Special Issue on Carbonaceous Aerosols in the Atmosphere (III)

Kopal Verma, Umesh Chandra Kulshrestha This email address is being protected from spambots. You need JavaScript enabled to view it. 

School of Environmental Sciences, Jawaharlal Nehru University, New Delhi 110067, India

Received: January 14, 2024
Revised: April 9, 2024
Accepted: April 25, 2024

 Copyright The Author(s). This is an open access article distributed under the terms of the Creative Commons Attribution License (CC BY 4.0), which permits unrestricted use, distribution, and reproduction in any medium, provided the original author and source are cited.

Download Citation: ||https://doi.org/10.4209/aaqr.240013  

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Cite this article:

Verma, K., Kulshrestha, U.C. (2024). Mitigation of Carbonaceous Indoor Aerosols through Behavioural Change Soft Approach in Cooking at Selected Rural Sites (India). Aerosol Air Qual. Res. 24, 240013. https://doi.org/10.4209/aaqr.240013


  • Soft approaches are the minimal adjustments to existing practices to enhance sustainability.
  • Implementing soft approaches significant reductions in OC and EC is possible.
  • Women in households acknowledged the advantages of cleaner fuels and soft approaches.


Indoor air pollution particularly from biomass burning, presents a significant challenge in rural India. Despite awareness of cleaner energy sources, rural communities encounter financial and logistical barriers hindering their transition to cleaner energy. The combustion of biomass emits substantial amounts of carbonaceous aerosols (CA), including organic carbon (OC) and elemental carbon (EC), which severely impact health and contribute to climate change. This study is aimed at applying certain behavioural changes in cooking practices, termed here as 'Soft Approaches,' to mitigate indoor air pollution. Soft approaches involve minor adjustments in daily practices to promote sustainability. Conducted over a year at three sites in Punjab (Phullanwal) and Madhya Pradesh (Budhwada and Khedla), the study assessed CA concentrations in rural household kitchens. Outdoor CA concentrations were also measured in order to examine the indoor and outdoor differences in CA levels. Mostly, OC and EC concentrations peaked during the winter season, with outdoor levels consistently lower than indoor ones. The implementation of soft approaches such as using table fans for smoke dispersion, employing dried biomass, enhancing ventilation, utilizing biomass in pellet form resulted in reductions of up to 87.1% and 83.6% in indoor OC and EC concentrations, respectively. Questionnaire analysis indicated that the community recognized the benefits of cleaner fuels and soft approaches, despite challenges related to availability and economic feasibility. The adoption of soft approaches offers broader benefits by enhancing adaptive capabilities, fostering resilience to environmental challenges for individuals and the nation as a whole.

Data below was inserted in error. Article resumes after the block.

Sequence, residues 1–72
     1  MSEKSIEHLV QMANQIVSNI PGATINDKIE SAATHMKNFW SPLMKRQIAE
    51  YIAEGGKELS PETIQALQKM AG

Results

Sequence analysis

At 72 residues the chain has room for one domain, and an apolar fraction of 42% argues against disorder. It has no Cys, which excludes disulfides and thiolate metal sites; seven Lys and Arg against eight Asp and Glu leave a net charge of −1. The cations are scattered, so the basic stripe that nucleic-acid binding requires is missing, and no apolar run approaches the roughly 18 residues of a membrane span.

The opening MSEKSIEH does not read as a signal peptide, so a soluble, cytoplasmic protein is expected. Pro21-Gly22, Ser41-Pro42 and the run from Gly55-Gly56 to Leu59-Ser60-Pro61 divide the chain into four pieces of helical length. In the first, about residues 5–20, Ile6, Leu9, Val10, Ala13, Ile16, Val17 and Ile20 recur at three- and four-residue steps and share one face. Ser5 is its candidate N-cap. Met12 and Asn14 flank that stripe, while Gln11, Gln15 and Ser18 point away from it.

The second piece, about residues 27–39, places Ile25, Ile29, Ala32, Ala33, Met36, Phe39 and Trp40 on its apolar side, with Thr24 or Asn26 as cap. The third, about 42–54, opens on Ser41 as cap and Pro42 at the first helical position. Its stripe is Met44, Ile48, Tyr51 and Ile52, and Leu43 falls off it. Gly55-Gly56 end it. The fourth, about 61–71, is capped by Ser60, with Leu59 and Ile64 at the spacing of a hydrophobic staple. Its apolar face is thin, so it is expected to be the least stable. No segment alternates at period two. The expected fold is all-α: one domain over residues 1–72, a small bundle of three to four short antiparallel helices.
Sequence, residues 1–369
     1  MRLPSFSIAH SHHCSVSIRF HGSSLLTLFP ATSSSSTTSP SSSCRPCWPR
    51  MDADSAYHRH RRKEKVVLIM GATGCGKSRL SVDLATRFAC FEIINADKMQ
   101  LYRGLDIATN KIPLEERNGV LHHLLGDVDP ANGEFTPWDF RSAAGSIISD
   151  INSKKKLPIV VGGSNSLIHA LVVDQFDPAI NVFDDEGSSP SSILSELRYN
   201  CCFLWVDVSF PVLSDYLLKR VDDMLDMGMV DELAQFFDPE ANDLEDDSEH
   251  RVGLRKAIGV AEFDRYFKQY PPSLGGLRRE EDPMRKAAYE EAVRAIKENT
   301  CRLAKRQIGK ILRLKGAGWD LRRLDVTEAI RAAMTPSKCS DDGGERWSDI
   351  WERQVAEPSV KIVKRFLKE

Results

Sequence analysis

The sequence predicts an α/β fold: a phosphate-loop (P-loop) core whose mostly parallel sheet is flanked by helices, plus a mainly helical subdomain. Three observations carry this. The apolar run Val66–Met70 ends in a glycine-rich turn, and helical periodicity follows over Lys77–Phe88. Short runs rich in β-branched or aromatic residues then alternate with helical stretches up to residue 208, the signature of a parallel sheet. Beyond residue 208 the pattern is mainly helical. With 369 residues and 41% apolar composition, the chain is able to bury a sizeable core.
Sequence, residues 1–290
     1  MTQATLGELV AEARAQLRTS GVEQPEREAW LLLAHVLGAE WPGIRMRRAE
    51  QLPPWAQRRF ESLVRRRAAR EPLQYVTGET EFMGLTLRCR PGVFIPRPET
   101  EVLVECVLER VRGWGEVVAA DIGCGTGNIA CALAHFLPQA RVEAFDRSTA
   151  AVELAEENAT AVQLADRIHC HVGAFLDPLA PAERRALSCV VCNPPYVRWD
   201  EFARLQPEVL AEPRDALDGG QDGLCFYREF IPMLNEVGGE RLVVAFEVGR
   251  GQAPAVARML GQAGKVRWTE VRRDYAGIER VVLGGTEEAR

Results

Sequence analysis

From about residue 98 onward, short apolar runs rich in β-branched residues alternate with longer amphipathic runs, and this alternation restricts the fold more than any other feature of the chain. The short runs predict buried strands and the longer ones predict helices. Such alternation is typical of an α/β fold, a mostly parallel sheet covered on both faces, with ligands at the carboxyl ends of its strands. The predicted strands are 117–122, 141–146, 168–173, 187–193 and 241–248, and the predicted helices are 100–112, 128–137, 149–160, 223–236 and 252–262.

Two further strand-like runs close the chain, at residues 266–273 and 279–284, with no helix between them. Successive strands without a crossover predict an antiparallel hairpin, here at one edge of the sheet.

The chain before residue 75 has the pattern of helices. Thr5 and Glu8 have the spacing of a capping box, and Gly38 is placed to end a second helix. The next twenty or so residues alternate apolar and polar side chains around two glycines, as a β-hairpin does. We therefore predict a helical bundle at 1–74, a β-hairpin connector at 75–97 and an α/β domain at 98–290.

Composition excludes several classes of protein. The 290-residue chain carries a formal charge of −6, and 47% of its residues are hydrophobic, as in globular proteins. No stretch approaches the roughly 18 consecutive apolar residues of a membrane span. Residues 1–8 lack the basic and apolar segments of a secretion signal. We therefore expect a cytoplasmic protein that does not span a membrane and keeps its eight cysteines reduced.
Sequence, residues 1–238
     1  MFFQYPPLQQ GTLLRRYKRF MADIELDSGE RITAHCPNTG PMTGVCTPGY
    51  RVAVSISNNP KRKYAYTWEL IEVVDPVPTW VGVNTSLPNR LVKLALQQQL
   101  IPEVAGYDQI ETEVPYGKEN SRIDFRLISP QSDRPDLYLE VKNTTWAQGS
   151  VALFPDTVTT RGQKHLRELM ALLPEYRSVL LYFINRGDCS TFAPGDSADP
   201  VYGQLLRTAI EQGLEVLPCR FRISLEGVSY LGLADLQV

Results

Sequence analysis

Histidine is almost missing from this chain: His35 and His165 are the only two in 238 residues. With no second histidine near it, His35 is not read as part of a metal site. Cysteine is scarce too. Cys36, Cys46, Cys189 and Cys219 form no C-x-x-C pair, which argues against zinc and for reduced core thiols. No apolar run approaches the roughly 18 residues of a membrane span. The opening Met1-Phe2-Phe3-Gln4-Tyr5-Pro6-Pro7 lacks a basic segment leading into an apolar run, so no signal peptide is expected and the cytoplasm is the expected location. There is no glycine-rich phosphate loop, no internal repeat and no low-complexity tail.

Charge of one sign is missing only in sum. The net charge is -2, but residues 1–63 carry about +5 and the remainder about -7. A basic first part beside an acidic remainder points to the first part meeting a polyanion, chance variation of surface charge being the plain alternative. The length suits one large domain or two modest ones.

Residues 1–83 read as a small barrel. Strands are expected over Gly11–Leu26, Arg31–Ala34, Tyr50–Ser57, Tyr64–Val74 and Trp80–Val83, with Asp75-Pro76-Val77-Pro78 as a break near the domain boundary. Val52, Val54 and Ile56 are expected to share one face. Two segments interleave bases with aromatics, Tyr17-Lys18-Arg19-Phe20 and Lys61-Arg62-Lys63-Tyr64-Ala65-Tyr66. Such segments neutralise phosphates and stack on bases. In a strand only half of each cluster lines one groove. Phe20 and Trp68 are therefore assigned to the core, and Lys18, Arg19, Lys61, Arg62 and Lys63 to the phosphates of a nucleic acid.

Keywords: Carbonaceous aerosol, Biomass burning, Soft approaches

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